`useMemo` allows you to memoize the results of a function, and will return that result until an array of dependencies change.

**For example:**

   -- CODE line-numbers language-js --
   <!--
   const widgetList = useMemo(
     () => widgets.map(
       w => ({
         ...w,
         totalPrice: someComplexFunction(w.price),
         estimatedDeliveryDate: someOtherComplexFunction(w.warehouseAddress)
       }),
     ),
     [widgets],
   );
   -->

In this example, a component receives a list of widgets. The widgets coming into the component need to be mapped to include total price and an estimated delivery date, which uses some kind of complex and expensive function. If this component renders and the value of `widgets` is the same, there is no need to run those expensive functions again.

Using `useMemo` will memoize the result, so if `widgets` haven't changed since the component's last render it will skip the function call and return what it got last.

## useCallback

`useCallback` can prevent unnecessary renders between parent and child components.

**Take this example:**

   -- CODE line-numbers language-js --
   <!--
   const Parent = () => {
     const [showExtraDetails, setShowExtraDetails] = useState(false);
     return (
       [...]
       <Child onClick={() => { showData(showExtraDetails); }/>
       [...]
     );
   }
   -->

This component will cause `Child` to re-render every time `Parent` does, even if `Child` is a `PureComponent` or wrapped in `React.memo`, because the `onClick` will be different every render. `useCallback` can handle this situation like so:

   -- CODE line-numbers language-js --
   <!--
   const Parent = () => {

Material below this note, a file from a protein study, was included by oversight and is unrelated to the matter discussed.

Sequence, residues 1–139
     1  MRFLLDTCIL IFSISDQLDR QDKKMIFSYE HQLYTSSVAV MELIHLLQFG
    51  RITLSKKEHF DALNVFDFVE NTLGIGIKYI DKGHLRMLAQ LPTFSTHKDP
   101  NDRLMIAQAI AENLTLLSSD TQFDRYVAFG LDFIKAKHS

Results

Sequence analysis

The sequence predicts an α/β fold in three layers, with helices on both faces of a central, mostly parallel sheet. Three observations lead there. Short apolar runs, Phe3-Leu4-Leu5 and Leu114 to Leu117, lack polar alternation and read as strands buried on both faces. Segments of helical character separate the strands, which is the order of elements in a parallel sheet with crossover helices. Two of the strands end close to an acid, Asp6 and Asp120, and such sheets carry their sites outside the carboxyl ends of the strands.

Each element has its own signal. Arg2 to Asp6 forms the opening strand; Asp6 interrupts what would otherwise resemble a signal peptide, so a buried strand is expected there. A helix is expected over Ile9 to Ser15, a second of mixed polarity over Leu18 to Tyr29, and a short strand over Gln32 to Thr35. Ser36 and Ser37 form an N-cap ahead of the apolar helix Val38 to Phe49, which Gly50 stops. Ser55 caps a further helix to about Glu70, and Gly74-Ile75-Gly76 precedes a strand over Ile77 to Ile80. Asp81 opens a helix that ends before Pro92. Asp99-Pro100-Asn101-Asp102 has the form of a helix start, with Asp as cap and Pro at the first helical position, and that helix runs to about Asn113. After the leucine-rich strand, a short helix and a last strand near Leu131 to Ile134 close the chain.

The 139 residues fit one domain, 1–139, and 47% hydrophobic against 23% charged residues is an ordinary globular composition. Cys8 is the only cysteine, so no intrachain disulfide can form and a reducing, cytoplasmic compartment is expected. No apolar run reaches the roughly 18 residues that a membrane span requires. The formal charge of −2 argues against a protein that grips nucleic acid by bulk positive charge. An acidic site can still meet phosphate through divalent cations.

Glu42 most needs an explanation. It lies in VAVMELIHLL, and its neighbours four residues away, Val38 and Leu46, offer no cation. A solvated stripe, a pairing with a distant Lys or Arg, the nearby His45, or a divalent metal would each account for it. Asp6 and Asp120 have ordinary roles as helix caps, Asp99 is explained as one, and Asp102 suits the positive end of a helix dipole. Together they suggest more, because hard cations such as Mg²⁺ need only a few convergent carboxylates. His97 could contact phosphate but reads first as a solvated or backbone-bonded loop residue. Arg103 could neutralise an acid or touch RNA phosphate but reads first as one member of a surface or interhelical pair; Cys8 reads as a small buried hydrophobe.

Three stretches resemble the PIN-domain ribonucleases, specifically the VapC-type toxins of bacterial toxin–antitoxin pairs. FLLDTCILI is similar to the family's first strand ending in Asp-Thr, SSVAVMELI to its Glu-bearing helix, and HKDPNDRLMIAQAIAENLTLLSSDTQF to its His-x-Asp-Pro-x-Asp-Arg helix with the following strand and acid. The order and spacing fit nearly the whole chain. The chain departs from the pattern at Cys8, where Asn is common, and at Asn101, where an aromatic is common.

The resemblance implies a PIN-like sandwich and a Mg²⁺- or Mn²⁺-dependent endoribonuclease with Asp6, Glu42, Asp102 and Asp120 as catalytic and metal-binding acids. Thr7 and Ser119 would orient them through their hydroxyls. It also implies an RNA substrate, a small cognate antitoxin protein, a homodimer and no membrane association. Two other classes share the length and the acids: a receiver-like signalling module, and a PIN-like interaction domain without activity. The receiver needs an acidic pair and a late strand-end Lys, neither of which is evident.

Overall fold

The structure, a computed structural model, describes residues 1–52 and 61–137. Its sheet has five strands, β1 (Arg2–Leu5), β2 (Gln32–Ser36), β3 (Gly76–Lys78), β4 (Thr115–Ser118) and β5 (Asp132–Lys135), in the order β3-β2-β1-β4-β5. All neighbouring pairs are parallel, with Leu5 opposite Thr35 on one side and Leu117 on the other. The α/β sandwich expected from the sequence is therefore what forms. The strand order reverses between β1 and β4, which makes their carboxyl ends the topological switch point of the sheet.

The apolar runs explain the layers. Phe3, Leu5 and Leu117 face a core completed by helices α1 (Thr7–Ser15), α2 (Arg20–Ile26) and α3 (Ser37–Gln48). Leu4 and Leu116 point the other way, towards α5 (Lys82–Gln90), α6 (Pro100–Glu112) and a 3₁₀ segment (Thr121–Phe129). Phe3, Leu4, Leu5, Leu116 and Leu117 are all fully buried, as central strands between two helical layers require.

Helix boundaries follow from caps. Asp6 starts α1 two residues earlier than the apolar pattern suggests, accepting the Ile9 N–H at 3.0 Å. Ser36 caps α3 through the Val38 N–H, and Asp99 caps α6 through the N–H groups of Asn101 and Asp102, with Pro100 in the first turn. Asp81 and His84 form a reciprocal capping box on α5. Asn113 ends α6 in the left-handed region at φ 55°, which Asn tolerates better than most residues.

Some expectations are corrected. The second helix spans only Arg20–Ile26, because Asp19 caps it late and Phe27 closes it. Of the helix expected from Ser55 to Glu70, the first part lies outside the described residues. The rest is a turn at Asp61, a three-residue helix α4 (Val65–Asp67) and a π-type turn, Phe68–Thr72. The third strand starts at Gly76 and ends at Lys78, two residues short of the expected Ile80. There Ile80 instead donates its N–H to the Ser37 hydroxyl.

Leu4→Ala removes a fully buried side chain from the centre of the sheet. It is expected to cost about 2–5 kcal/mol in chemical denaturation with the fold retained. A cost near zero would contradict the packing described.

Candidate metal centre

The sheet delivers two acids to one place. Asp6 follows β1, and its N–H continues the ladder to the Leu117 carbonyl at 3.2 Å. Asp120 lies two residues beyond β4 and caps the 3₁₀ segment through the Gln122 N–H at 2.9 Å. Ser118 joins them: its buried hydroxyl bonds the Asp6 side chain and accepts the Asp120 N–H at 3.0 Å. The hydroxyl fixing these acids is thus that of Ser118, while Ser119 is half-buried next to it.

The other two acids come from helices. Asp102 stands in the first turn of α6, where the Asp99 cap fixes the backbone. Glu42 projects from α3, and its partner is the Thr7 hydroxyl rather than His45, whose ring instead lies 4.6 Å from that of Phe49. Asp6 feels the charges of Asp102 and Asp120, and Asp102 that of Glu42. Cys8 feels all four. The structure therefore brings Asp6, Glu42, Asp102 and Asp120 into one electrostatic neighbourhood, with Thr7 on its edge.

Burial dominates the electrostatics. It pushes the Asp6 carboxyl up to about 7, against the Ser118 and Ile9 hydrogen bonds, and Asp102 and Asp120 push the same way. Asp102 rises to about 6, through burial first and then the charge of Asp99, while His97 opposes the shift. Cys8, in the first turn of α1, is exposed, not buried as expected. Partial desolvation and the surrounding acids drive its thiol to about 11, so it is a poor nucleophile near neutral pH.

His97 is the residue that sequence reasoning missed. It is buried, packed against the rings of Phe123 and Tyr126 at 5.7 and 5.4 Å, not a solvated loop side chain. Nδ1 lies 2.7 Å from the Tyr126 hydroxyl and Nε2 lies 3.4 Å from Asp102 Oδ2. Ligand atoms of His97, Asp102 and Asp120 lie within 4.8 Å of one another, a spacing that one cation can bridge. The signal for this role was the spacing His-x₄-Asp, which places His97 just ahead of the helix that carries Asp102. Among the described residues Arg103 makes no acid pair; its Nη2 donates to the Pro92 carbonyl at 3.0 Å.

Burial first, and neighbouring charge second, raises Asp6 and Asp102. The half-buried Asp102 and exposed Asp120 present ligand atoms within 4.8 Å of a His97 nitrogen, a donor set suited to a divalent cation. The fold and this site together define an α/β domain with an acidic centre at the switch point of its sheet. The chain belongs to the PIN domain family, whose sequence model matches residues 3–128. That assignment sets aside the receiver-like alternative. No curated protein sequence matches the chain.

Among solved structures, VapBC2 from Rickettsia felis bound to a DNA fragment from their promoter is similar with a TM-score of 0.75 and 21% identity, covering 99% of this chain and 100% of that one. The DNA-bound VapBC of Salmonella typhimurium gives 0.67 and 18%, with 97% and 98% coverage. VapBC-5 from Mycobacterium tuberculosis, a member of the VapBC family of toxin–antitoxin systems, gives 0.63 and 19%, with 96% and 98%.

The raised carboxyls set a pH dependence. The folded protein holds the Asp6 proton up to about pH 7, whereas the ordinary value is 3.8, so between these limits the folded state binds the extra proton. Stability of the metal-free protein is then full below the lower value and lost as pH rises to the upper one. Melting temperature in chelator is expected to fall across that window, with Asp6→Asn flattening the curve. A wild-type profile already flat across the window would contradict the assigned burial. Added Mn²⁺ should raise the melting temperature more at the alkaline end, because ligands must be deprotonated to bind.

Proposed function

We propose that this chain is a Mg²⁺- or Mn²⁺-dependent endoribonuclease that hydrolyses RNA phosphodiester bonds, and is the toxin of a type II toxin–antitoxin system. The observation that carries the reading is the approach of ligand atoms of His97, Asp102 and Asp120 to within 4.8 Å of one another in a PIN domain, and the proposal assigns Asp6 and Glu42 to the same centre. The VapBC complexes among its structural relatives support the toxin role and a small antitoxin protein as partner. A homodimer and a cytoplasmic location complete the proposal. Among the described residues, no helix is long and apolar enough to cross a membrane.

const [showExtraDetails, setShowExtraDetails] = useState(false);
     const handleClick = useCallback(
       () => {
         showData(showExtraDetails);
       },
       [showExtraDetails],
     );
     return (
       [...]
       <Child onClick={() => {handleClick}/>
       [...]
     );
   }
   -->

Now `handleClick` will have the same value until `showExtraDetails` changes, which will reduce the number of times `Child` renders.

## Things to consider with optimization in React

A word of caution around premature optimization. React is typically fast enough to handle most use cases without resorting to any of these techniques. I would advise you to build your components without any optimization first, and look into adding performance enhancements only when necessary.

## Resources to learn more

If you'd like to explore these APIs further, here are some resources to help give you a better understanding.

[React.memo](https://reactjs.org/docs/react-api.html#reactmemo](https://reactjs.org/docs/react-api.html#reactmemo)

[useMemo](https://reactjs.org/docs/hooks-reference.html#usememo](https://reactjs.org/docs/hooks-reference.html#usememo)

[useCallback](https://reactjs.org/docs/hooks-reference.html#usecallback](https://reactjs.org/docs/hooks-reference.html#usecallback)

If you're looking to further optimize your React application, the react docs contain a [great section on performance.](https://reactjs.org/docs/optimizing-performance.html](https://reactjs.org/docs/optimizing-performance.html)